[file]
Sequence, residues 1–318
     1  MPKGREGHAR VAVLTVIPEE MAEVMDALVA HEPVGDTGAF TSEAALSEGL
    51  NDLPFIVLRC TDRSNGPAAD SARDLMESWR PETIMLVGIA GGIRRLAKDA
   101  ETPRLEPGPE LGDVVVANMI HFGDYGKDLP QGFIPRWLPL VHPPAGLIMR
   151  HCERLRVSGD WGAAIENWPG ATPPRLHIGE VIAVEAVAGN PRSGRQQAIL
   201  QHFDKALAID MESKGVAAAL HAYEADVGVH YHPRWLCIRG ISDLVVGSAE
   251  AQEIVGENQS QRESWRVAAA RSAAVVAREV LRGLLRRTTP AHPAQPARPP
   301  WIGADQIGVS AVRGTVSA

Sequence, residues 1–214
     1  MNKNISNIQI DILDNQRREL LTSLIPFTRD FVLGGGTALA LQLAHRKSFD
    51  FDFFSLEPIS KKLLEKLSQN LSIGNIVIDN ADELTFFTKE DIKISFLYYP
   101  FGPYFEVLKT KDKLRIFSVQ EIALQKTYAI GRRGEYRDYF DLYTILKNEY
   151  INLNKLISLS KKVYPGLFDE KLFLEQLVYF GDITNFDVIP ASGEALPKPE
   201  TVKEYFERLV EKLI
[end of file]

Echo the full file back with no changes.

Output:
Sequence, residues 1–318
     1  MPKGREGHAR VAVLTVIPEE MAEVMDALVA HEPVGDTGAF TSEAALSEGL
    51  NDLPFIVLRC TDRSNGPAAD SARDLMESWR PETIMLVGIA GGIRRLAKDA
   101  ETPRLEPGPE LGDVVVANMI HFGDYGKDLP QGFIPRWLPL VHPPAGLIMR
   151  HCERLRVSGD WGAAIENWPG ATPPRLHIGE VIAVEAVAGN PRSGRQQAIL
   201  QHFDKALAID MESKGVAAAL HAYEADVGVH YHPRWLCIRG ISDLVVGSAE
   251  AQEIVGENQS QRESWRVAAA RSAAVVAREV LRGLLRRTTP AHPAQPARPP
   301  WIGADQIGVS AVRGTVSA

Sequence, residues 1–214
     1  MNKNISNIQI DILDNQRREL LTSLIPFTRD FVLGGGTALA LQLAHRKSFD
    51  FDFFSLEPIS KKLLEKLSQN LSIGNIVIDN ADELTFFTKE DIKISFLYYP
   101  FGPYFEVLKT KDKLRIFSVQ EIALQKTYAI GRRGEYRDYF DLYTILKNEY
   151  INLNKLISLS KKVYPGLFDE KLFLEQLVYF GDITNFDVIP ASGEALPKPE
   201  TVKEYFERLV EKLI